We're doing exactly the same thing as before.

With probability 2/6, my uniform falls here.

And we report this value and so on.

So what's a graphical way of understanding of what we're doing?

We're taking the CDF.

We generate a value of the uniform.

And then we move until we hit the CDF and report the corresponding value of x.

It turns out that this recipe will also work in the continuous case.

Let's see how this is done.

So let's assume that we have a CDF, which is strictly monotonic.

So the picture would be as follows.

It's a CDF.

CDFs are monotonic, but here, we assume that it is strictly monotonic.

And we also assume that it is continuous.

It doesn't have any jumps.

So this CDF starts at 0 and rises, asymptotically, to 1.

What was the recipe that we were just discussing?

We generate a value for a uniform random variable.

We move until we hit the CDF, and then report this value here for x.

So what is it that we're doing?

We're going from u's to x's.

So we're using the inverse function.

The cumulative takes as an input an x, a value on this axis, and then reports, a value on that axis.

The inverse function is the function that goes the opposite way.

We start from a value on the vertical axis and takes us to the horizontal axis.

Now, the important thing is that because of our assumption that f is continuous and strictly monotonic, this inverse function is well-defined.

Given any point here, we can always find one and only one corresponding x.

Now, what are the properties of this method that we have been using?

If I take some number c and then take the corresponding number up here, which is going to be F_X of c, then we have the following property.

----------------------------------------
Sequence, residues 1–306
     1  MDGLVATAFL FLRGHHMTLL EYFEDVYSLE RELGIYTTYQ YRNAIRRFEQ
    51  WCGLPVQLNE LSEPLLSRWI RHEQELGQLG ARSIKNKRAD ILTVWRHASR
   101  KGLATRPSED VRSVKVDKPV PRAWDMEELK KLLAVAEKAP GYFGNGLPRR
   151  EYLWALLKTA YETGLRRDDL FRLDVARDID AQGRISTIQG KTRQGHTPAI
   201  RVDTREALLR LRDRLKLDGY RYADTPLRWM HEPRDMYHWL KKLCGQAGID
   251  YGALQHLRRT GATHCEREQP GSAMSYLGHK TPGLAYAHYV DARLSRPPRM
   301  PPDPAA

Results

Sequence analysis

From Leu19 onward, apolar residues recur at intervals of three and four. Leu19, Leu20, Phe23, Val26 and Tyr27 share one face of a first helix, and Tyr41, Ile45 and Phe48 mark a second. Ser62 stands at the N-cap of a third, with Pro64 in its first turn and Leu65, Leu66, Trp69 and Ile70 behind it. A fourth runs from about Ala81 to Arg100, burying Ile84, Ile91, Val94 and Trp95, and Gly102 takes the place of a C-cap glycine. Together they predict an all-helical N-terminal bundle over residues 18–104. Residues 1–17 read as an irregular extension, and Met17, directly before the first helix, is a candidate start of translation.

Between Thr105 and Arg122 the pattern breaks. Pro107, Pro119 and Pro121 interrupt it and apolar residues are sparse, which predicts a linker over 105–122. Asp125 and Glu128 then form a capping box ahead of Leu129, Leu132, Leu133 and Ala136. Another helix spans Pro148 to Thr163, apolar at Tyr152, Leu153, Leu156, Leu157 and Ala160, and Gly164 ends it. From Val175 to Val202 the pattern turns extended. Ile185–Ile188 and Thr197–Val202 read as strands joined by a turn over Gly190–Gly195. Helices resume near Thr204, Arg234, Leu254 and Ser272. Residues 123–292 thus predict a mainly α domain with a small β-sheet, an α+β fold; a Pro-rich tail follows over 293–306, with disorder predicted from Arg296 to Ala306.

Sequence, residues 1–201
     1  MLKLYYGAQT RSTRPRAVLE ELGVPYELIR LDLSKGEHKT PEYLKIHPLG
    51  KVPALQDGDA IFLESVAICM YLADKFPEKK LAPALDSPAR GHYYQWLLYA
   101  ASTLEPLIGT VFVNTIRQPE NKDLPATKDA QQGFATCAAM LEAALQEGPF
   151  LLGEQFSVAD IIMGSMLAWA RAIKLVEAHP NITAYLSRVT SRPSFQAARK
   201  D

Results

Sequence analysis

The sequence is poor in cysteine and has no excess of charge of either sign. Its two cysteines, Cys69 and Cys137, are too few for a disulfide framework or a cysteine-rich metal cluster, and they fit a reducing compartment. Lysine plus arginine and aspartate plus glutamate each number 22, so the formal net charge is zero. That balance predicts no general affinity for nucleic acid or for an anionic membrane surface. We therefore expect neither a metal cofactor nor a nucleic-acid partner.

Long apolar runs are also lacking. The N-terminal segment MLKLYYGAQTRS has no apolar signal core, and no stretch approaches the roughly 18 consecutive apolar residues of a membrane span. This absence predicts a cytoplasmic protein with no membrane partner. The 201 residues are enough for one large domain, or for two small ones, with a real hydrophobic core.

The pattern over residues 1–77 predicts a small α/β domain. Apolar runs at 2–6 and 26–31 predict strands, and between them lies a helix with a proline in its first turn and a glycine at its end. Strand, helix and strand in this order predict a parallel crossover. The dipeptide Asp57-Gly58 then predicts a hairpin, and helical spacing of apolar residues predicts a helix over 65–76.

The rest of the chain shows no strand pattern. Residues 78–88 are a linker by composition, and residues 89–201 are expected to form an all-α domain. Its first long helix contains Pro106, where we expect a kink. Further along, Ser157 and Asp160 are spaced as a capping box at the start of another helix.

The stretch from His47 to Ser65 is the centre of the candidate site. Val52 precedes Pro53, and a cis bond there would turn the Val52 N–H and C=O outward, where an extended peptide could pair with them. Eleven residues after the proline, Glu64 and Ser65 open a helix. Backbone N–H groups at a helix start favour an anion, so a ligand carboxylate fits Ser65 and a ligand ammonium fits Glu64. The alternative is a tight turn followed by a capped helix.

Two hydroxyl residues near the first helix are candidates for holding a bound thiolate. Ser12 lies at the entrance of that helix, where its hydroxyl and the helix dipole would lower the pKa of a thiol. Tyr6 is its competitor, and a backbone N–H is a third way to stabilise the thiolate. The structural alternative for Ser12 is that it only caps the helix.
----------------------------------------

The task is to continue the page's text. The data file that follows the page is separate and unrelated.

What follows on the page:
My random variable X is going to be less than or equal to c if and only if my random variable X falls into this interval.

But that's equivalent to saying that the uniform random variable fell in that interval.

Values of the uniform in this interval-- these are the values that give me x's that are less than or equal to c.

So the event that X is less than or equal to c is identical to the event that U is less than or equal to F_X of c.

So this is how I am generating my x's based on u's.

We now need to verify that the x's that I'm generating this way have the correct property, have the correct CDF.

So let's check it out.

The probability that X is less than or equal to c, this is the probability that U is less than or equal to F_X of c.

But U is a uniform random variable.

The probability of being less than something is just that something.

So we have verified that with this way of constructing samples of X based on samples of U, the random variable that we get has the desired CDF.

Let's look at an example now.

Suppose that we want to generate samples of a random variable, which is an exponential random variable, with parameter 1.

In this case, we know what the CDF is.

The CDF of an exponential with parameter 1 is given by this formula, for non-negative x's.

Now, let us find the inverse function.

If a u corresponds to 1 minus e to the minus x-- so we started with some x here and we find the corresponding u-- this is the formula that takes us from x's to u's.

Let's find the formula that takes us from u's to x's.

So we need to solve this equation.

Let's send u to the other side, and let's send this term to the left hand side.

We obtain e to the minus x equals 1 minus u.

Let us take logarithms: minus x equals to the logarithm of 1 minus u.

And finally, x is equal to minus the logarithm of 1 minus u.

So this is the inverse function.

And now, what we have discussed leads us to the following procedure.

I generate a random variable, U, according to the uniform distribution.

Then I form the random variable X by taking the negative of the logarithm of 1 minus U.

And this gives me a random variable, which has an exponential distribution.

And so we have found a way of simulating exponential random variables, starting with a random number generator that produces uniform random variables.